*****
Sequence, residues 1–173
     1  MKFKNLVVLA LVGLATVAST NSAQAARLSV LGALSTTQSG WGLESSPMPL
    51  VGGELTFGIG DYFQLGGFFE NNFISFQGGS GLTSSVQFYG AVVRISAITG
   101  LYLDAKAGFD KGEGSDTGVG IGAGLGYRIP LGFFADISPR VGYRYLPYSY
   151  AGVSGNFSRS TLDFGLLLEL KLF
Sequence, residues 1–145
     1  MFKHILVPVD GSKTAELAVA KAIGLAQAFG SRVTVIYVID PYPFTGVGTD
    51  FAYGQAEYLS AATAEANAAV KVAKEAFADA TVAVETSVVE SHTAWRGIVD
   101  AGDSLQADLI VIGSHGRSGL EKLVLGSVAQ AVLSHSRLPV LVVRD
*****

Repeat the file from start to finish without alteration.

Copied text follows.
Sequence, residues 1–173
     1  MKFKNLVVLA LVGLATVAST NSAQAARLSV LGALSTTQSG WGLESSPMPL
    51  VGGELTFGIG DYFQLGGFFE NNFISFQGGS GLTSSVQFYG AVVRISAITG
   101  LYLDAKAGFD KGEGSDTGVG IGAGLGYRIP LGFFADISPR VGYRYLPYSY
   151  AGVSGNFSRS TLDFGLLLEL KLF
Sequence, residues 1–145
     1  MFKHILVPVD GSKTAELAVA KAIGLAQAFG SRVTVIYVID PYPFTGVGTD
    51  FAYGQAEYLS AATAEANAAV KVAKEAFADA TVAVETSVVE SHTAWRGIVD
   101  AGDSLQADLI VIGSHGRSGL EKLVLGSVAQ AVLSHSRLPV LVVRD